AMD Bulldozer and Bobcat introduction

Discussion in 'Apple, Inc and Tech Industry' started by Giuly, Aug 25, 2010.

  1. Giuly macrumors 68040

    Giuly

    #1
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    YouTube-Video from AMD, furtherer explainations on Planet3DNow or over at Anandtech.

    This is what AMD did over the last years, while Intel was busy with Nehalem. They'll be available in Q4 2010, starting with "Interlagos" server processors with 16 cores, achieving 50% more power than 12-Core Opterons today. But the real question is A) How do they compare to SandyBridge and B) Can I finally have AMD processors now, Apple?
     
  2. TSE macrumors 68030

    Joined:
    Jun 25, 2007
    Location:
    St. Paul, Minnesota
    #2
    AMD's new platforms look very, very interesting. If they work out, I could see them being in the MacBook Air possibly, allowing for a price drop too.
     
  3. cube macrumors G5

    Joined:
    May 10, 2004
    #3
    And they are finally introducing a high-k metal gate process, which is important for competitiveness.
     
  4. Mord macrumors G4

    Mord

    Joined:
    Aug 24, 2003
    Location:
    UK
    #4
    Looks like too little too late to me, AMD's kinda looked a bit long in the tooth every since Intel abandoned Netburst, I always thought they only held the edge due to Intel's blind desire for higher clock speeds, now that's no longer the case I just don't see them competing well.
     
  5. thejadedmonkey macrumors 604

    thejadedmonkey

    Joined:
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    Location:
    Pa
    #5
    AMD competes very well in the not-quite top of the line sector. Their Phenom II chips compared very well to mid-range C2D and even slower C2Quad chips. They just weren't at the same level as the high end core 2's... but since the MBA has a mid range, or even low end now, c2d chip, I can see AMD being very competitive.
     
  6. cube macrumors G5

    Joined:
    May 10, 2004
    #6
    AMD gives you interesting features at great price points, for example:

    - Athlon and Phenom support ECC.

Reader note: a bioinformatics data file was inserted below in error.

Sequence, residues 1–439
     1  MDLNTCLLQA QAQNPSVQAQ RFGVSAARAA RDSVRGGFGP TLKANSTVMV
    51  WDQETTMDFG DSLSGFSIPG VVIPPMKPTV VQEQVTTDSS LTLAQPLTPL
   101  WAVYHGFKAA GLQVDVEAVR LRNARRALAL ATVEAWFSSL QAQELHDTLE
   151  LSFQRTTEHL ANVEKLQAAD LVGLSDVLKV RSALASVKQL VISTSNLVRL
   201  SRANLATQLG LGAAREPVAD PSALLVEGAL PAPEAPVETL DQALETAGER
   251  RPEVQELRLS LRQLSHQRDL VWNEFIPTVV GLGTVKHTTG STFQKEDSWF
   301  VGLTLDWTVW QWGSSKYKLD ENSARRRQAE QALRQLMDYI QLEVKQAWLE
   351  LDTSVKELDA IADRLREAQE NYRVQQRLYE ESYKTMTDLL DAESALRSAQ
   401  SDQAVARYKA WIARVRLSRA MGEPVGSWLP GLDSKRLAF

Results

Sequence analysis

- Their top Opteron chipset provide more PCI Express lanes than in Xeon chipsets like in the Mac Pro.
    - Relatively inexpensive Opteron CPUs support 4-way systems, as opposed to only 2-way for comparable Xeons.
    - A 2-way 2.6GHz 6-core Opteron costs $200. You can build a 12-core system.
    - A 4-way 2 GHz 8-core Opteron costs $280. You can build a 32-core system.

    With the current Opterons you can build relatively inexpensively 48-core systems, with Bulldozer, 64 (OK, for floating point it would be like 32).
     
  7. chrmjenkins macrumors 603

    chrmjenkins

    Joined:
    Oct 29, 2007
    Location:
    CA
    #7
    I was hopeful AMD would rekindle their competitiveness of x64 days with phenom, but that did not come to pass. Without any solid benchmarks, I'm being very cautious here. However, I have to admit that the integration of CPU and a capable GPU in one platform has to be attractive to Apple for <= 13" notebooks. Particularly at the prices AMD is likely to offer to win their business.
     
  8. TSE macrumors 68030

    Joined:
    Jun 25, 2007
    Location:
    St. Paul, Minnesota
    #8
    If AMD processors ran cooler and with less energy, they would be winning the battle with Intel. 95% of people aren't going to notice the difference between a Turion II processor and a Core i5 processor.
     
  9. Giuly thread starter macrumors 68040

    Giuly

    #9
    The point is: Intel quad cores with HT are comparable with 6-Core Phenom IIs.

    That's why a top-of-the-line 2.2GHz 12-core Opteron costs the same as a 2.8GHz 6-core Xeon. Sure, the 6-core Xeon busts the 12-Core Opteron in <6 thread applications, but this is due to 600MHz higher clock rates. Add 4 Cores and alter the clocks a bit, and it may look different.
     

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